Google has long been scrutinized for its practice of using its Street View cars to collect the locations of millions of laptops, cell phones and various Wi-Fi devices from around the world during its collection of street view data for it popular Google maps service that has long since raised substantial privacy concerns.
In a debate that borders on the contentiousness of the Net Neutrality debate, is the concern of whether Google (and other companies) should be allowed to collect and distribute this data. The Google View Cars mandate was to collect the locations of various Wi-Fi hotspots and access points; but they also recorded the not only the street addresses, but the IP addresses and unique identifiers (MAC addresses) of devices that were connected to the wireless networks. Google then made the data publicly available through Google.com up until just a few weeks ago.
Recently French authorities from the Commission Nationale de l’Informatique et des Libertés (CNIL) contacted CNET and stated that their investigation confirmed that the Street View Cars collected MAC addresses and issued a fine to Google for 100,000 euros (approximately $140, 000).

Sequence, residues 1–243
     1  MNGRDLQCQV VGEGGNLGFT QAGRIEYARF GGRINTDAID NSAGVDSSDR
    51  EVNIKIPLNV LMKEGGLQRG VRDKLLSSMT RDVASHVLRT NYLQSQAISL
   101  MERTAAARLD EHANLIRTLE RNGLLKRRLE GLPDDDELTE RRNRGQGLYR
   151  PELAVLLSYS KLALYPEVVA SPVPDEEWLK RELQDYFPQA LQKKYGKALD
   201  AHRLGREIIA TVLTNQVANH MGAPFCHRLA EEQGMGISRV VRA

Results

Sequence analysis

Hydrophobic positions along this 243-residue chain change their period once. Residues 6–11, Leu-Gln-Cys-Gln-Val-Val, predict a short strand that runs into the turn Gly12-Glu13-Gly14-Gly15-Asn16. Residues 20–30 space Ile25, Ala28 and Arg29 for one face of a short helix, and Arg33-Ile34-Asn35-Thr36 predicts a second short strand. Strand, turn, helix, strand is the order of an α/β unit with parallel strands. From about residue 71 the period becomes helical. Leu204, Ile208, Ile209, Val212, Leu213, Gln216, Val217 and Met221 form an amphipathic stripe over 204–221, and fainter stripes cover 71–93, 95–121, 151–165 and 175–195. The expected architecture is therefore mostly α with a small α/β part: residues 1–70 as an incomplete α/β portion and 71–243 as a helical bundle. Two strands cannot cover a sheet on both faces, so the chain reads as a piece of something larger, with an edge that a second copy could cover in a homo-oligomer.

Concerns over Goggles Street View and location privacy infringements from other companies are certainly not new. Apple recently came under attack for its practice of collecting log files of location data obtained from iPhones. Under substantial pressure, Apple released a patch to correct the "problem."
In the wake of the growing controversy, a number of disclosure statements from other company’s location privacy practices, concerns expressed from congressmen, two US Senate hearings and an increasing number of class action lawsuits have brought the location privacy debate to fervor.
Security consultant, Ashkan Soltani, was the first to report that Google made MAC addresses publicly available through a Web interface. Google then discontinued the practice a week later.
In a previous inquiry earlier this year from CNET, concerns were raised over Google’s location privacy practices, but it was unclear at the time whether Google’s location database included the hardware IDs of only access points and wireless routers, or client devices such as computers and mobile phones as well. When asked last month, Google stated only that "we collect the publicly broadcast MAC addresses of Wi-Fi access points…" which addressed only current and not past practices.
The U.S., the Federal Trade Commission concluded its investigation of Google Street View’s accidentally-broad data collection last October without levying a fine.